Kathy Sheridan: ‘Elderly’ is just a word – sometimes the wrong one

If age is only a number, when is it okay to use that culturally loaded term ‘old’?

British Labour leader Jeremy Corbyn (68) speaks to the crowd from the Pyramid stage at Glastonbury. Photograph:  Yui Mok/PA Wire

British Labour leader Jeremy Corbyn (68) speaks to the crowd from the Pyramid stage at Glastonbury. Photograph: Yui Mok/PA Wire

 

The Guardian once carried a report on the rescue of a couple of transatlantic sailors, aged 64 and 68, beginning as follows: “Most retired people are content to fill their days doting on grandchildren, creating their ideal garden, and taking relaxing holidays . . .” To which an indignant reader responded: “If the couple had been under 25, would the lead have been ‘Most young people are content to fill their days drinking themselves senseless, watching crap TV, and shagging as much as possible . . .’?”

The story came to mind when a gerontology specialist took issue recently in his Irish Times column with the tolerance of casual ageism. “While huge sensitivity is taken with terminology relating to race and gender preference, it remains open season for attitudes and descriptors related to ageing,” wrote Prof Des O’Neill. When he suggested “an absolute ban on the word ‘elderly’”, ears shot up.

But the word “elderly” is a factual description and makes no judgment, protested Sean O’Sullivan in the Irish Times Letters page. “If it is somehow improper to describe an old person as old, senior or elderly, will the word police next prevent us from referring to our offspring as children?”

“Elderly” might well be a factual description. But of whom exactly and in whose common usage? Google the word and the first three suggested results are “elderly care”, “elderly abuse” and “elderly mobility scale”. Helpful dictionary examples of the word include: “An elderly man from Hull has confounded doctors by recovering after he was officially declared dead.”

Last year, in a piece about former Maynooth seminarians who were marking 50 years since graduation, I used “elderly” as a kind of shorthand to describe a group of men aged around 71. The article caused heavy ripples within the group since they had all abandoned the seminary with varying degrees of reconciliation, affection, pugnacity and hostility, but the most unexpected reaction was from one who reported that some were “aghast” at my use of the word elderly.

“That word suggested a high level of frailty,” he said. “Maybe after 80 it might be okay, but I’ve been telling my kids until recently that I consider myself to be in late middle age. I’m not ready at all yet to admit I’m in old age.” Indeed, their group includes a good few high-flying academics and businessmen.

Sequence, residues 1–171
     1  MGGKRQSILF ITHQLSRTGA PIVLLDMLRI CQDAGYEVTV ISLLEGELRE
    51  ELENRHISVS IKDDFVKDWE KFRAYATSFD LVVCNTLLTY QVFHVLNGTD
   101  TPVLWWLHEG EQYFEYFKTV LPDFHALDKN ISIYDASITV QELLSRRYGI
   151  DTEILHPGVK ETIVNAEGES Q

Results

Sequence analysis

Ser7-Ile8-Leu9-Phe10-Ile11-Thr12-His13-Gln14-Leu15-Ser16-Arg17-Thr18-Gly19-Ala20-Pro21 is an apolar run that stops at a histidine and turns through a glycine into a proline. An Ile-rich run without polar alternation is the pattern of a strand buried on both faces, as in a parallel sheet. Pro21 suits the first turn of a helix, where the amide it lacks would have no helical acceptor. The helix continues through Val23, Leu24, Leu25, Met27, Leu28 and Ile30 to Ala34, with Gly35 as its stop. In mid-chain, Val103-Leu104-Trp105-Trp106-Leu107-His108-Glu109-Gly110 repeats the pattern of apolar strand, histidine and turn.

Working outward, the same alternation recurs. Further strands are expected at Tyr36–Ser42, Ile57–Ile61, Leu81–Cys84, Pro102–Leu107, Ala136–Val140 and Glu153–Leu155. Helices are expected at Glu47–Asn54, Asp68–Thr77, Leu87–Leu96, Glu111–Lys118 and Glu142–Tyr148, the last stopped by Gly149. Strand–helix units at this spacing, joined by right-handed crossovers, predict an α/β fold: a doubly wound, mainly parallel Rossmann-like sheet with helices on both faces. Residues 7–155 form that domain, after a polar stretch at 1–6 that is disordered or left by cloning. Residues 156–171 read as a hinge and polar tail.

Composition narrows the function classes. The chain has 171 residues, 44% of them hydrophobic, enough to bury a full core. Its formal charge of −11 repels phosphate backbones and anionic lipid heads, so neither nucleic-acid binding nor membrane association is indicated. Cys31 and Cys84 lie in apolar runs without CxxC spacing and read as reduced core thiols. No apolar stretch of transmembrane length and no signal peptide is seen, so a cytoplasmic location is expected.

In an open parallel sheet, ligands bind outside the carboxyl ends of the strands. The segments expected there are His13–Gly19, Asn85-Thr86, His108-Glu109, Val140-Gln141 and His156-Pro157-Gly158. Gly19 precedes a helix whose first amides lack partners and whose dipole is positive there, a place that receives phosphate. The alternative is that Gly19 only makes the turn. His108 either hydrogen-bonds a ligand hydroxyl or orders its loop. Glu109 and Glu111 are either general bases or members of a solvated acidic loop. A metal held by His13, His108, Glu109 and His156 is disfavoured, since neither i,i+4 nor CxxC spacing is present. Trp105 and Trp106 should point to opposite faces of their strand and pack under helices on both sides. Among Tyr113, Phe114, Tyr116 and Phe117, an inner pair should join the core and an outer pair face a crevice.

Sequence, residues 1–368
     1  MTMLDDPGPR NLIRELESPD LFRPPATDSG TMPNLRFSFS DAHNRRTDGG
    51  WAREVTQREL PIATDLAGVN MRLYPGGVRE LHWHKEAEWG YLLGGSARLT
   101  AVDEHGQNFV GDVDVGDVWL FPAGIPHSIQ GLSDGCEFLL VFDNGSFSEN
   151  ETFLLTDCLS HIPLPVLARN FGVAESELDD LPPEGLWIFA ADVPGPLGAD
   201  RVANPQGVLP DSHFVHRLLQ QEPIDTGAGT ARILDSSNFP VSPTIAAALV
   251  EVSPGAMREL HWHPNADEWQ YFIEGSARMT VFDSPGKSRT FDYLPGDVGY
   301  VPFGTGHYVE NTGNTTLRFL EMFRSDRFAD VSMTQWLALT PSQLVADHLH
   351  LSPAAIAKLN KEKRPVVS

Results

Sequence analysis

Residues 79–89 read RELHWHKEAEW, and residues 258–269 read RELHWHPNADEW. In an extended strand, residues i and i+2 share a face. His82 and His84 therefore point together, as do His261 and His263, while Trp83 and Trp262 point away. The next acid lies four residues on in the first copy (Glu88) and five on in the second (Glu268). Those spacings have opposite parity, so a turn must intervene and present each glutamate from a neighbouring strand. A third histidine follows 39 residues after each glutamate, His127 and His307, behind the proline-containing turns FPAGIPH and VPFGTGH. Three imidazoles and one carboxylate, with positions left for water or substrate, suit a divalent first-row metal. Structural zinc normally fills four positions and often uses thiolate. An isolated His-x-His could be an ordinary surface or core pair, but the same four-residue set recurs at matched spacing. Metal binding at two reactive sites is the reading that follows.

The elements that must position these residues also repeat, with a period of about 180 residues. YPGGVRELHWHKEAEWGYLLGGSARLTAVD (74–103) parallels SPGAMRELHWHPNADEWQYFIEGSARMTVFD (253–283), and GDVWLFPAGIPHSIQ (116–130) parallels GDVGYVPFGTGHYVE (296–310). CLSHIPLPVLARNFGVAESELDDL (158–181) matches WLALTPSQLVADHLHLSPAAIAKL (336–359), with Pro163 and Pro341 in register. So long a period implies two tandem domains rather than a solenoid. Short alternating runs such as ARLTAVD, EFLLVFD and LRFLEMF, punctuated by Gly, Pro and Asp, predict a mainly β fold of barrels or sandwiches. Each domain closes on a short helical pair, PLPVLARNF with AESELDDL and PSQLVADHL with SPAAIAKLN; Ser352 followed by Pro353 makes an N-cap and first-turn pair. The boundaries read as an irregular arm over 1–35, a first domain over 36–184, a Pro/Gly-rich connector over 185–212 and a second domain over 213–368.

So who decides when youth morphs into middle age, into late middle age, into senior, then elderly or just old?

The Maynooth men are only three years older than 68-year-old British Labour party leader, Jeremy Corbyn, who conquered Glastonbury over the weekend. David Davis, the Tory minister who, for good or ill has the mighty job at 68 of directing Brexit negotiations for the UK, also happens to be a fitness fanatic, who “cannot see a sharp incline without ascending it”, according to one columnist. “I would like to watch some of his younger critics keep up with him on a fell walk.”

Chinese culture

Still, who cares? What does language matter anyway? It matters, says one of my Maynooth interviewees, “as it is the main carrier of memes – shorthand prescriptions that can be transmitted, stored and mutated in a society, not necessarily through conscious uptake. Stereotypes about ‘the elderly’ would be a good example of a strong meme, spreading like a virus without notice in Irish society. I’m told there is no such meme in Chinese culture, because of different attitudes to ageing”.

It seems trite to say that we live in a changed world, but it’s a fact. Fifty years ago, it might have been factual to describe a 65-year-old as “elderly” but in 2017, it’s not even safe to assume that a 65-year-old is a pensioner (yet another handy piece of media shorthand). And age is clearly no predictor of performance or creativity. Look at the late plays and poetry of WB Yeats and Samuel Beckett. Look at Frank Lloyd Wright who, as O’Neill is fond of pointing out, designed New York’s Guggenheim Museum in his 70s. Yet statistical polling companies still commonly and nonsensically uses a bundled age cohort of 60-plus. But “plus” how many years? Is it 15, 25, or even 30? Imagine the response if they bundled everyone aged 15 in with say, 35-year-olds?

We are not all the same. Obviously. Individuals age differently. When asked in surveys at what age they thought they might be old, most over-50s said not until they reached their 80s – if at all. Life is changing, but attitudes and social norms lag far behind.

This goes way beyond vanity, touchiness, or political correctness. Ask anyone in their 50s who has tried to get a job. Ask people in their 60s who desperately need to continue in paid employment because their “gold-plated” pensions have gone up in smoke or because their offsprings’ bank guarantees have come back to bite them.

Language matters. Some day that “elderly” person will be you.

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